[ bogofilter-Patches-706375 ] Building under OS/2
matthias.andree at gmx.de
Wed Apr 2 04:56:25 EST 2003
"Yuri Dario" <warp at os2power.com> writes:
>>1. the file must not be unlocked before the BerkeleyDB cache
>>has been flushed. If you do that, you're heading for
>>corruption (which is the likely reason for t.lock2 failure).
> here I need to do more work, but t.lock2 was failing also before
Hum. The options we have are:
#1 have the OS implicitly kill the lock on closing the file.
(we're doing that currently)
#2 db_flush() (or call the sync method manually)
>>3. We should not introduce OS-specific comments into regular
>>files, but encapsulate the portability code (such as the EMX
>>locking code) in separate files, such as a generic_lock.c or
> let me know your preferred layout, and I will rewrite the code.
I'd thought we could write a pair of functions that lock or unlock a
file, the unix implementation would use fcntl as it does now, the EMX
implementation uses the native OS/2 lock.
>>4a. GNU libc (Linux's most common libc) documents on the
>>topic of "optind": "The initial value of this variable is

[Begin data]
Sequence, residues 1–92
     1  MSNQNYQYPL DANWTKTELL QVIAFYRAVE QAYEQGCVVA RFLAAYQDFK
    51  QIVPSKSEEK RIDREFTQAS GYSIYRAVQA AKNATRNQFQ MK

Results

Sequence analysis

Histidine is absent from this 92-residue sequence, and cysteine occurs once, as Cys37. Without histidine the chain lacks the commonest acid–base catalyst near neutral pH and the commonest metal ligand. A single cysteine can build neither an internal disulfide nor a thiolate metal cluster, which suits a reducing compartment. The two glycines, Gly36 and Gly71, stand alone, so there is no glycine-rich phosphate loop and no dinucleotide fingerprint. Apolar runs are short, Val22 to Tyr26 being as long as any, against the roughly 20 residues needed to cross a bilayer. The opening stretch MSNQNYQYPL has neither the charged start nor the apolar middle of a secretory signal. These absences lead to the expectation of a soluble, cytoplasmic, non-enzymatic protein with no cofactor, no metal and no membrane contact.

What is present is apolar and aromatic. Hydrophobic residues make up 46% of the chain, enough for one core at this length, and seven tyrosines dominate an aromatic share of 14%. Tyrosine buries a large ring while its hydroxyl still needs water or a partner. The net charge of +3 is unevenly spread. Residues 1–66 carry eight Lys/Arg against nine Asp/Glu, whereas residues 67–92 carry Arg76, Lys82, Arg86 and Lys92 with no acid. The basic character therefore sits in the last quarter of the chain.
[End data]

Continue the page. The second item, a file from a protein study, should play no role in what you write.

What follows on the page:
>>`1'." FreeBSD documents "The variable opterr and optind are
> that's ok also for EMX; the only difference is that emx getopt() requires 0 to make the second
It's b0rken then. Does EMX have the program's name in argv?
> This could be put inside a #ifdef
I'd prefer a reset_getopt() function for that. It would reset optind and
opterr to 1 for Linux and Solaris, additionally set optreset to 1 for
some BSDs and set optind to 0 for EMX.
>>6. ignoring CR should not happen in fgetsl() -- fgets()
>>doesn't do that either. If we need a function that ignores
>>CR, then it needs to wrap around fgetsl() instead.
> that's ok for me; I put it into fgetsl() because I didn't know the
> whole logic around reading.
NP. Was there any breakage without stripping the CR? If so, we should
have a second look, to avoid bugs slipping through in the original
>>7. I suggest that the _fsetmode EMX stuff moves into a
>>separate function emx_init() or something, and a
>>os_spec_init() function that calls it.
> should I place os_spec_init() inside main or somewhere else?
Yes, the call would have to be early in main(), yes. The function itself
could go into a system.c file.
More information about the Bogofilter-dev